Tel No 01454 321511

Contact Us

ISA returns of the year


An Individual Savings Account (ISA) enables you to save in a simple, tax-efficient way, while generally giving you instant access to your money.

This gives you short, medium and long-term saving options, and with the end of the current tax year not too far away, it’s important to make the most of your annual tax-free ISA allowance.

UK residents aged 16 or over can save up to £20,000 a year (for the 2022/23 tax year) into a Cash ISA. Those aged 18 or over can save in a Cash or Stocks & Shares ISA, or combination of ISAs.


ISAs are a very tax-efficient wrapper in which you can buy, hold and sell investments. For any ISA contributions to count for the current tax year, you must save or invest by 5 April.

Also, don’t forget that any unused ISA allowance can’t be rolled over into a subsequent tax year, so if you don’t use it, you’ve lost it forever. Even though you’ll receive a new allowance for the next tax year, you are not permitted to contribute anything towards a previous ISA.


  • Cash ISAs – these are savings accounts that are tax-free, with the maximum allowable contribution set at £20,000 in the current tax year.
  • Junior ISAs – these are tax-free savings accounts in which under-18s can save or invest maximum contributions up to £9,000 in the current tax year
  • Stocks & Shares ISAs are tax–efficient investments, with the maximum allowable contribution set at £20,000 in the current tax year.
  • Innovative Finance ISAs are peer-to-peer lending investments that are classed as tax-efficient, with the maximum allowable contribution set at £20,000 in the current tax year. However, they are considered high-risk, and getting your money out quickly may not be possible. Some may not be protected by Financial Services Compensation Scheme.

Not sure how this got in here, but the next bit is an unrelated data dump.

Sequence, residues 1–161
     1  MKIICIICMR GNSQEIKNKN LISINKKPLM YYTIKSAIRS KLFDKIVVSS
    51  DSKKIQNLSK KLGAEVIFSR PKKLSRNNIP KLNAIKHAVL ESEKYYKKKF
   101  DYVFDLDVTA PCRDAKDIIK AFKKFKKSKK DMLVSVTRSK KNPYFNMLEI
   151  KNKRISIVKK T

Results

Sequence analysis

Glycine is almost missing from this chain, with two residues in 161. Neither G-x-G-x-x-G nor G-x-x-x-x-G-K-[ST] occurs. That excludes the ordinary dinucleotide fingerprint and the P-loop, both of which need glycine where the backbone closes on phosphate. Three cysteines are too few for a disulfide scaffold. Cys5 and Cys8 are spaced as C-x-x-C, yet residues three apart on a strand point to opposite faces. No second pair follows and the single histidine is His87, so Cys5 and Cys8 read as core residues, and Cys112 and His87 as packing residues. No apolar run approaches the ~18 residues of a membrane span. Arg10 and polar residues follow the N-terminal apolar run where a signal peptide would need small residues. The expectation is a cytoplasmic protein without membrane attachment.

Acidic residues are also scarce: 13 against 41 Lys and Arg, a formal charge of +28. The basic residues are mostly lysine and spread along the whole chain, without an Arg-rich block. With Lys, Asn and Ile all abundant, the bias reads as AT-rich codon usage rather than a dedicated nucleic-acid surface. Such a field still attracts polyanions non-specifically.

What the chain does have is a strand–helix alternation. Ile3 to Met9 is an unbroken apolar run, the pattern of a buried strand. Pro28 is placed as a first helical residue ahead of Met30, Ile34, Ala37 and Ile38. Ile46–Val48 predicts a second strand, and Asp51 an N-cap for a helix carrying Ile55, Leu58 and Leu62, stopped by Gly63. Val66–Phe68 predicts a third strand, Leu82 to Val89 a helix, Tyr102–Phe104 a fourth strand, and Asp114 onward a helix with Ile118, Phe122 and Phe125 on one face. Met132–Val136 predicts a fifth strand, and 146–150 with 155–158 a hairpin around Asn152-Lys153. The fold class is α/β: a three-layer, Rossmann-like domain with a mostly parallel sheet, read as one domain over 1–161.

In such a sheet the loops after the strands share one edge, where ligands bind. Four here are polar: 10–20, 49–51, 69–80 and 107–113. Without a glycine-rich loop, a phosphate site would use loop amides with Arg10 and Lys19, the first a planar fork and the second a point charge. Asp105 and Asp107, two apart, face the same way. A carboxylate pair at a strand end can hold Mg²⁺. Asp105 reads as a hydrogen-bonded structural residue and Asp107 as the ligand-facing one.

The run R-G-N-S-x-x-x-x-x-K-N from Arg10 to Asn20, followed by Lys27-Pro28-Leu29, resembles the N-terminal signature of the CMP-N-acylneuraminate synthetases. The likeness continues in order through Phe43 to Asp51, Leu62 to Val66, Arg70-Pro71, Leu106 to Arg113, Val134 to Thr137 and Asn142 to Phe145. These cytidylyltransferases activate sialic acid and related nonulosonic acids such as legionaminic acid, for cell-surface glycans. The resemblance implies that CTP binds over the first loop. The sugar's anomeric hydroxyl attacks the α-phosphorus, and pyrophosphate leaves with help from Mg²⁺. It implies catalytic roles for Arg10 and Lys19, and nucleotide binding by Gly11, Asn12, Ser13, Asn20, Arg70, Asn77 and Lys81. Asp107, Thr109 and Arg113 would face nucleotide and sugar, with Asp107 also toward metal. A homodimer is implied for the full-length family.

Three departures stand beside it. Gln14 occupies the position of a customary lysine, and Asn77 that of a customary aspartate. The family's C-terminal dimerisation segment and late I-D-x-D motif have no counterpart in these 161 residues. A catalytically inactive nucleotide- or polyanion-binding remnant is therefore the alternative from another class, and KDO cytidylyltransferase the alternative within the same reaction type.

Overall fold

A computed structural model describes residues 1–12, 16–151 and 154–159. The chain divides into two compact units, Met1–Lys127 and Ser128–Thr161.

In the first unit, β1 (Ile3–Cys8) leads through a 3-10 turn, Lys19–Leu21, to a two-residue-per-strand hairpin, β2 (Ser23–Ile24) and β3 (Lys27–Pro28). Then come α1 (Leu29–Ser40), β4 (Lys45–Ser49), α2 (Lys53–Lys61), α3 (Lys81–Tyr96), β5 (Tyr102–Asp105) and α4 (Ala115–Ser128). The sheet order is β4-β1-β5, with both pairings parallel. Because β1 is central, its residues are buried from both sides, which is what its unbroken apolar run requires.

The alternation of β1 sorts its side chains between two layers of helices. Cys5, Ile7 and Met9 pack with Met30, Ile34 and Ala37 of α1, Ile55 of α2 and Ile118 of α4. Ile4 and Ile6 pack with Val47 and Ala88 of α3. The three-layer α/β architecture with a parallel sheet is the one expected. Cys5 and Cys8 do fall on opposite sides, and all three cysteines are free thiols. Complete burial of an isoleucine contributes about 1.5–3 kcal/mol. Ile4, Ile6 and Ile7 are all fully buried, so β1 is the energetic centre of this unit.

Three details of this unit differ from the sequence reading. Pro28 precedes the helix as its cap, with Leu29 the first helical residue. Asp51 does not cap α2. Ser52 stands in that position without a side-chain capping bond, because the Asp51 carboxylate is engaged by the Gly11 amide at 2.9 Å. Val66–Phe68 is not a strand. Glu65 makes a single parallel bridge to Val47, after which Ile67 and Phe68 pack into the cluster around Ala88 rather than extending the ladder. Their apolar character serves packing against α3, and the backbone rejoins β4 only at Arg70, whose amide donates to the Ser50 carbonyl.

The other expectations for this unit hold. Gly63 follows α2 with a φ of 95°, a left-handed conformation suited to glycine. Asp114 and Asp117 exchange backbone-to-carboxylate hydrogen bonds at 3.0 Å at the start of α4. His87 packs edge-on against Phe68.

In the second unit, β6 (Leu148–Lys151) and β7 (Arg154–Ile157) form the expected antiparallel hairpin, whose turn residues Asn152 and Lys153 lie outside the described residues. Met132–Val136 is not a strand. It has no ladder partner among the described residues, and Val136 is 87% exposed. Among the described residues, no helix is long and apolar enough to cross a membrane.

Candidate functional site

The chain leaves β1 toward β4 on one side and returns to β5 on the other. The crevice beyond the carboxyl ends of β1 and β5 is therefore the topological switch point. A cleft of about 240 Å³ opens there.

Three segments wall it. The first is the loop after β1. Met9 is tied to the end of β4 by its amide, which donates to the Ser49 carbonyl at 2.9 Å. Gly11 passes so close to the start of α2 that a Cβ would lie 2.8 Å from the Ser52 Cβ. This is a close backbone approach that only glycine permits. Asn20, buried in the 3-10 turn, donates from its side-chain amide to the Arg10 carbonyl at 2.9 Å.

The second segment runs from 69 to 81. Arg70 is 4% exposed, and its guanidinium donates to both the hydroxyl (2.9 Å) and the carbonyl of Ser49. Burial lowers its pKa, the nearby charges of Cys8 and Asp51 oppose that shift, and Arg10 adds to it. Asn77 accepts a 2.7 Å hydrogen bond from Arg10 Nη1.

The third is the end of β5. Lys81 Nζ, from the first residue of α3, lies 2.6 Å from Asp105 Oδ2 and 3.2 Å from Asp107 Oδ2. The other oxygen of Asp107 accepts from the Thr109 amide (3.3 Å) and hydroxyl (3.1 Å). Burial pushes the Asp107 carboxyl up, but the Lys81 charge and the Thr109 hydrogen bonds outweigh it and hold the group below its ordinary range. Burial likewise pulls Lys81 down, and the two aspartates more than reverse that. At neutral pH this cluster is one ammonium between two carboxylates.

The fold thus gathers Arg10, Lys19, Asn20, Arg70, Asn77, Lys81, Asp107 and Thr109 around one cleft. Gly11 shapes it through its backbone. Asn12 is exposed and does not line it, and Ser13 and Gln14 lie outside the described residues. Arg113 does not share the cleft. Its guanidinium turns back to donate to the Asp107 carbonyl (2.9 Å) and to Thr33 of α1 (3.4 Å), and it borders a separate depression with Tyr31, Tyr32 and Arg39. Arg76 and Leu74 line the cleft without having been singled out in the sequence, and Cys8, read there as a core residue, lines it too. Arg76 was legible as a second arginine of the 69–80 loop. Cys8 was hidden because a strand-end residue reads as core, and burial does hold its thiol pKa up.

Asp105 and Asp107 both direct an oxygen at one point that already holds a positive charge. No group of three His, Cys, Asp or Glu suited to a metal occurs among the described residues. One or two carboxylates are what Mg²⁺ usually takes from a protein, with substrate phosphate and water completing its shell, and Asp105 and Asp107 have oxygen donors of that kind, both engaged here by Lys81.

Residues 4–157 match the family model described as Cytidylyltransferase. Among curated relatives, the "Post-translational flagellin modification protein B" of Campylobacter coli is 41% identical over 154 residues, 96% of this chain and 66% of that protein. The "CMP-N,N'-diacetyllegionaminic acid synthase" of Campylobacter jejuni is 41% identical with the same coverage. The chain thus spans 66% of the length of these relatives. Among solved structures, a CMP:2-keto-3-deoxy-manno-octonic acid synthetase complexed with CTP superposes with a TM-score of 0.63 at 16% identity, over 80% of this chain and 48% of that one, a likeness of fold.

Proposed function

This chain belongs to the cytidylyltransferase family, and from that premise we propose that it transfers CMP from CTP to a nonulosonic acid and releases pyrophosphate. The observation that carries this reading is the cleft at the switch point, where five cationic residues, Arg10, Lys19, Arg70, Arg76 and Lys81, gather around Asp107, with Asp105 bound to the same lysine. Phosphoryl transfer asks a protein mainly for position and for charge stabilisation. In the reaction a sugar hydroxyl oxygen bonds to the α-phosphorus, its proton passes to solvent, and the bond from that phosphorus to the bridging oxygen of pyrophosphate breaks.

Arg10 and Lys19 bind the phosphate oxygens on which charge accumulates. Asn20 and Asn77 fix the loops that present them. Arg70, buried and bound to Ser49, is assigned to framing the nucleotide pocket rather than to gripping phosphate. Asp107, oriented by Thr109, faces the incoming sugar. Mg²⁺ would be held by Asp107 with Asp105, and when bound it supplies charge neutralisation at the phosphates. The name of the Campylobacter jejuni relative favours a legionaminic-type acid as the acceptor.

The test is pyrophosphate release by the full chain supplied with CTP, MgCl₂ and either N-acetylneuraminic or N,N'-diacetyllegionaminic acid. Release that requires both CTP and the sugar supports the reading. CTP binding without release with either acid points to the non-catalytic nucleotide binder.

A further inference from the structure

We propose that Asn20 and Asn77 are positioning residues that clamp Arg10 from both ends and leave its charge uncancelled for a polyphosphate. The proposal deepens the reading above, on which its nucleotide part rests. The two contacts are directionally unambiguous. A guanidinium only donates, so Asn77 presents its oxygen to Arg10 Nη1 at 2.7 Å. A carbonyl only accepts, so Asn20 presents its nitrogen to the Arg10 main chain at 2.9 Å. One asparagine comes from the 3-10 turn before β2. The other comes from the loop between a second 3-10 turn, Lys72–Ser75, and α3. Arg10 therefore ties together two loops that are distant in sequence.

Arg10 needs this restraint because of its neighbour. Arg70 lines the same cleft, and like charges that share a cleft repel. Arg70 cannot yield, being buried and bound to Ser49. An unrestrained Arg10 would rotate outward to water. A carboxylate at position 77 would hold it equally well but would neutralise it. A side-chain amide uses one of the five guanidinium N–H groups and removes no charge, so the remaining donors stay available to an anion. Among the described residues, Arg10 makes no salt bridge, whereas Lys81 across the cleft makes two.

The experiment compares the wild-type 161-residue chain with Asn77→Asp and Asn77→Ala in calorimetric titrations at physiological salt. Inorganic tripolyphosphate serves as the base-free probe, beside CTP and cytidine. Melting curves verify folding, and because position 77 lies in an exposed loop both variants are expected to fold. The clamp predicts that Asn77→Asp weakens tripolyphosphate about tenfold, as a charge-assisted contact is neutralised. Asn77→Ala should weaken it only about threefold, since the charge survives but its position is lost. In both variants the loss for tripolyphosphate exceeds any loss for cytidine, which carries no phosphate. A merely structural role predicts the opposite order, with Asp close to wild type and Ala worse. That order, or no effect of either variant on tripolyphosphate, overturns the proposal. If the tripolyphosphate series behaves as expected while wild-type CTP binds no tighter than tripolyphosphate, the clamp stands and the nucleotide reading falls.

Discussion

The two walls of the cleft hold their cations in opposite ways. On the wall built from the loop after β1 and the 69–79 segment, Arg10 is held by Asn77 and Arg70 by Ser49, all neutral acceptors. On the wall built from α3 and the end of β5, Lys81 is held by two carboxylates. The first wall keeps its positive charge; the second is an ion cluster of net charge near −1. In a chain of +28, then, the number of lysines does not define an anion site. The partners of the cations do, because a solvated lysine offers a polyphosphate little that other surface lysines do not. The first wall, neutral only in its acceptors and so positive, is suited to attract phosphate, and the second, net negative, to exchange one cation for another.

• Lifetime ISAs – these can be classified as savings (tax-free) or investments (tax-efficient). You must be between 18 and 39; the maximum allowable contribution is £4,000 in the current tax year.
  • Help to Buy: ISAs—These were set up to help those saving for their first home and were only available to new savers until 30 November. Existing savers can continue saving, although they must claim their government bonus by 1 December 2030.


Goals, time horizon, risk and diversification are key elements to consider when saving and investing. You could put all the £20,000 into a Cash ISA or invest it in a Stocks & Shares ISA or an Innovative Finance ISA. Alternatively, you could split your allowance between Cash ISAs, Stocks & Shares ISAs, Lifetime ISAs or Innovative Finance ISAs, depending on your specific situation and requirements.

If you are not sure what to invest in, you could temporarily hold your annual ISA allowance in cash in the short term and invest thereafter. However, cash is not good for the long term because inflation has the potential to erode its value.


If you don’t have £20,000 in new money, you could transfer investments outside a tax-efficient wrapper into an ISA.

ISAs can also be passed on death to a surviving spouse or registered civil partner. The surviving spouse is entitled to an additional, one-off ISA allowance equal to the value of the deceased’s ISA holdings. This enables the surviving spouse to effectively re-shelter assets in a spouse’s ISA into an ISA in their name.


ISAs enable savers and investors to build up the sums they need to meet financial goals, whether to supplement a retirement pot or a deposit for a home. However, if you don’t know how ISAs work and how to use them to manage your wealth, you won’t be able to take full advantage of their benefits. To find out more or to discuss your options before the end of the current tax year, please get in touch with us.

Latest Posts

Get in touch

Book an introductory call with one of our planners to discuss what’s important to you…

Fill out our callback form, and one of our local advisors will contact you at a convenient time.